The outcome of the DREAM Challenge on Disease Module Identification in genetic networks has been reported in a paper published in Nature Methods. Over 400 participants from all around the world have contributed 75 different clustering algorithms to predict disease-relevant modules in diverse gene and protein networks. Participants could only use unsupervised clustering algorithms, which rely exclusively on the network structure and do not depend on additional biological information such as known disease genes. CNetS professor Santo Fortunato and former postdoc Lucas Jeub participated in the analysis of the results delivered by the algorithms.
The evaluation of predicted modules is challenging because there is no ground truth of ‘correct’ modules in molecular networks. Therefore a framework was introduced to empirically assess modules based on their association with complex traits and diseases using genome-wide association studies (GWAS) data. Kernel clustering, modularity optimization, random-walk-based and local methods were among the top performers, suggesting that no single type of approach is inherently superior and that multiple techniques should be used to identify complementary modules.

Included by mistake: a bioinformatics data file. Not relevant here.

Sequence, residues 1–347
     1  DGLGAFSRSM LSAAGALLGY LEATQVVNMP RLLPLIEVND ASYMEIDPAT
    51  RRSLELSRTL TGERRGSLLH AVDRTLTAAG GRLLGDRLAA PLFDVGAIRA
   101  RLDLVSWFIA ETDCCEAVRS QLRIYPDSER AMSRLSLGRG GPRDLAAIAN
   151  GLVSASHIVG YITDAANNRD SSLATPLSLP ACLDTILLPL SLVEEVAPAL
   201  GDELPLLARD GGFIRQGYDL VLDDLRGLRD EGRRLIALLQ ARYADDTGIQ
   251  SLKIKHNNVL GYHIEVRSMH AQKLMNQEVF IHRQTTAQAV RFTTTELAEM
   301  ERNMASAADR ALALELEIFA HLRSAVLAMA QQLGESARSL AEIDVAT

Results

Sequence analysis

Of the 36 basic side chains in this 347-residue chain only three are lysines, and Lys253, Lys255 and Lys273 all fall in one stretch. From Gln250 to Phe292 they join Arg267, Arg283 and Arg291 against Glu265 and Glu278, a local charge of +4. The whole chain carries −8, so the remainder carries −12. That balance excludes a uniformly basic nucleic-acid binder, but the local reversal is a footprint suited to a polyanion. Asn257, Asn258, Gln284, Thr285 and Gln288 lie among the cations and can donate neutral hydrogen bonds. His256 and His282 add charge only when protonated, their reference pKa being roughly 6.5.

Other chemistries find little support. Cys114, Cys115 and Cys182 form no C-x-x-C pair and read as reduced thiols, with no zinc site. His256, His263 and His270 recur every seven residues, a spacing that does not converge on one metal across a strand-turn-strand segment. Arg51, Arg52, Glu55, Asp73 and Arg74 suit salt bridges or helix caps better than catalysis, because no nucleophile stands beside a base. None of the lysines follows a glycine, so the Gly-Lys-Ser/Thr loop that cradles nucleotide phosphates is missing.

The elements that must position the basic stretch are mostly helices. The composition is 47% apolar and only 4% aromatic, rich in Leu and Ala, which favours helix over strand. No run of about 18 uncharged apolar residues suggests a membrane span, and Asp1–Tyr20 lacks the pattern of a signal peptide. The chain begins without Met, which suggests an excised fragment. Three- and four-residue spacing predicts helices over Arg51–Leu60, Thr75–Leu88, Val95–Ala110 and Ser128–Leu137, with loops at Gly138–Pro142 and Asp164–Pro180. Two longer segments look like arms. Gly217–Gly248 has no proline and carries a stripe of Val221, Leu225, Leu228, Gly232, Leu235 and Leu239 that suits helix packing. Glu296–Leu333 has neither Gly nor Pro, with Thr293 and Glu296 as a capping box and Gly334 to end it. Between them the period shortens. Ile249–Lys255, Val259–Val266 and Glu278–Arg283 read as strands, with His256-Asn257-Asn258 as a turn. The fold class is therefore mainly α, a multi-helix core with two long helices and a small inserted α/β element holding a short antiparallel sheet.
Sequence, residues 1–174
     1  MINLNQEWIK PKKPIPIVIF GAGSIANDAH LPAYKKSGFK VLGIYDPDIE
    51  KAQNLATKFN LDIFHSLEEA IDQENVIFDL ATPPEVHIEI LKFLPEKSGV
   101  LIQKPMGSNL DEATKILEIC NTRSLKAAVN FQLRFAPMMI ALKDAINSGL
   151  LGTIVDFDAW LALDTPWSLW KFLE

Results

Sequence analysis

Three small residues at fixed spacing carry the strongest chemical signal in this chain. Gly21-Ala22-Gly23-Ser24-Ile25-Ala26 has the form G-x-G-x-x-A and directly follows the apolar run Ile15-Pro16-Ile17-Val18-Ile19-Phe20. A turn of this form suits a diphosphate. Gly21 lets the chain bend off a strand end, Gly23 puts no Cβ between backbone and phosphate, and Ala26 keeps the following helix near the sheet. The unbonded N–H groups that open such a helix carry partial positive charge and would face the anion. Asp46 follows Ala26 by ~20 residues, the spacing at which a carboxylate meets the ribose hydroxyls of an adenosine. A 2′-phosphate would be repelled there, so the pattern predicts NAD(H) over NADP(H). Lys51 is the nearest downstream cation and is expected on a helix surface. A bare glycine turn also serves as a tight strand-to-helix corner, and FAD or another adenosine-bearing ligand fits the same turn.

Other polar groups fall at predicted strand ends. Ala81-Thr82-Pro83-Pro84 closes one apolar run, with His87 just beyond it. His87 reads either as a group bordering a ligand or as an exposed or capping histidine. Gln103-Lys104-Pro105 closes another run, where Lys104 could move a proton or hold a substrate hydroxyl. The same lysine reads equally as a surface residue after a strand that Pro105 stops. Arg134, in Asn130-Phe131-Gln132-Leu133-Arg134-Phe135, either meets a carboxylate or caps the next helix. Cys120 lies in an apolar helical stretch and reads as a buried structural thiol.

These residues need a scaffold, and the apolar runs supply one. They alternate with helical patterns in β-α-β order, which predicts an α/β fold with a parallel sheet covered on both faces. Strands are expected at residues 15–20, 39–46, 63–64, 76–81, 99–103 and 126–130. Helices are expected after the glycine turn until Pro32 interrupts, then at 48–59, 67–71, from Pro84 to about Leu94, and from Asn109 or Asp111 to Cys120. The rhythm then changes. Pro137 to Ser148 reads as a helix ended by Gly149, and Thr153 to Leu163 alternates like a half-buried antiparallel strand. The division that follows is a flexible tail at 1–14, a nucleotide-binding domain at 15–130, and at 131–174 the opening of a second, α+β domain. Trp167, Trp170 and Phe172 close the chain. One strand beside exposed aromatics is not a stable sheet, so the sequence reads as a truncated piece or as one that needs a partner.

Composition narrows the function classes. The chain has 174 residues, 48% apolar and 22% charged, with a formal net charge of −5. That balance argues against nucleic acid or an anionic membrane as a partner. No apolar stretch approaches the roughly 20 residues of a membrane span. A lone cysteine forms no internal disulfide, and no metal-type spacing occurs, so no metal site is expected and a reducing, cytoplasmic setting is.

This work provides important guidelines on how to perform cluster analysis in molecular networks.